- Troop Interests: Maybe your girls are avid campers and drawn to more outdoor events than STEM programs, or perhaps they’re passionate about community service projects! Gauging what your Girl Scouts are interested in or narrowing down what badges they would like to work towards will make planning for the year go much more smoothly.
- Troop Budgets: Yearly goals will determine what kind of a budget a troop needs to create. Get a clear picture of financial ability of parents to contribute and what the troop will need for a successful year. Encourage open conversation to ensure that no family feels overwhelmed or financially burdened by their participation.
- Parent Involvement: Recruit adults to help with the leadership and support of the troop! Encourage each family to register at least one adult as a volunteer. This will help ensure that families are engaged in the success of the troop and will provide leaders with the support they need. The Volunteer Toolkit has information about how adults can help under “Meeting Overview.” Interested parents can check out possible Troop Volunteer Roles. You never know which parent will make an awesome Troop Treasurer or Cookie Chair!
Troop leaders, families, and girls should decide and agree together about what the troop will pay for and what families will pay for individually. Will you be using dues to cover incidentals like membership fees, books and uniforms? Will the troop budget cover meeting materials such as craft supplies or snacks? How will you fund that end-of-year field trip? Decide together on a financial plan that works for everyone and teach girls the importance of creating a budget that meets their needs!
- Troop Dues: Dues are one of two ways that troops utilize to fund their activities. Together, girls, parents and volunteers should decide how often they will be collected and how much they will be. This could range from a few dollars per meeting to one lump sum for the entire school year – it’s completely up to you!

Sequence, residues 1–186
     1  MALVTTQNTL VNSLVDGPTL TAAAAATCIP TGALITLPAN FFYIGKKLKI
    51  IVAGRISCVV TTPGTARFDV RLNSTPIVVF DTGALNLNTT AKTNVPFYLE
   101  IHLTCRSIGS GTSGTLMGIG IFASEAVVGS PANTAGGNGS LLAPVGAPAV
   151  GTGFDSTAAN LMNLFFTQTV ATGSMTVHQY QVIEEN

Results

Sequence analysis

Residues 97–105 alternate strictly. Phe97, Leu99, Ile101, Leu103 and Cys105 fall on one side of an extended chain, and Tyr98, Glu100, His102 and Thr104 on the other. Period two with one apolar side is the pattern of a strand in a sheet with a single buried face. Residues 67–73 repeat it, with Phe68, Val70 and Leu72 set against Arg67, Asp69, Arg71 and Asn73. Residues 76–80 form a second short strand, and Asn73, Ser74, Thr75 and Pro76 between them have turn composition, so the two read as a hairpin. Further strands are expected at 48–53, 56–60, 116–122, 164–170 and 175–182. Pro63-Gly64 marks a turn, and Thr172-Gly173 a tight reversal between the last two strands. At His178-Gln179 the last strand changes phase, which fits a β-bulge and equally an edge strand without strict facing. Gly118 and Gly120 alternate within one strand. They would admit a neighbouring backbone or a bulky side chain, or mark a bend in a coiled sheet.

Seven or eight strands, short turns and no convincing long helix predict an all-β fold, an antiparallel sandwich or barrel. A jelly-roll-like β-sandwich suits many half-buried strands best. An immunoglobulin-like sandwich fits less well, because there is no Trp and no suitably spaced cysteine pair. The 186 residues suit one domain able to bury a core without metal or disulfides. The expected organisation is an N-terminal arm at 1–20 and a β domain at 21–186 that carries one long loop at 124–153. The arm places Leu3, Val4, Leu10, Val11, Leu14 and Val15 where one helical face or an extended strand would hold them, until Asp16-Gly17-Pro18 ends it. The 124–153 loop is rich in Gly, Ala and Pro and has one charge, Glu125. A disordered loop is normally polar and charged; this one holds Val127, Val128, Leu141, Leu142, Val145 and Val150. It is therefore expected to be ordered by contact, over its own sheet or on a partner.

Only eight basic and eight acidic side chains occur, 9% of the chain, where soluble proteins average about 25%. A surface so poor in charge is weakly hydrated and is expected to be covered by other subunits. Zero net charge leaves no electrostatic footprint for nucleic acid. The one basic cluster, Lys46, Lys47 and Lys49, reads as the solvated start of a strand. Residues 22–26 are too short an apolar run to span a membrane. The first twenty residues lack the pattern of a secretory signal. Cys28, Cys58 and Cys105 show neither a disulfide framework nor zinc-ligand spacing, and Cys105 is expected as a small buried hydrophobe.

- Money-Earning Activities: The Fall Product and Cookie Programs are not only great for earning money for troops, but they also teach girls financial skills that they will use for the rest of their lives! Determine what your troop plans to participate in and their time commitment abilities. After setting a goal for how much you’d like to raise through product programs and what you plan on using proceeds to pay for, you can get a better sense of what other finances need to be covered.
- Financial Assistance: Every Girl Scout should be able to participate regardless of financial background. Any girl needing financial assistance for membership can request it as part of the online member registration process. Other financial assistance is available for uniform components, events, and camps, and can be requested. Bonus leader tip: Council offers financial assistance to start a troop!
Following this handy guide will ensure that all members of your team feel well-equipped and excited to start the new Girl Scout year! When in doubt, invite a member of your Service Unit team or local staff to attend your meeting to answer parent questions you may be unsure of. Just getting started? Check out our 8 Easy Steps to Start a Troop!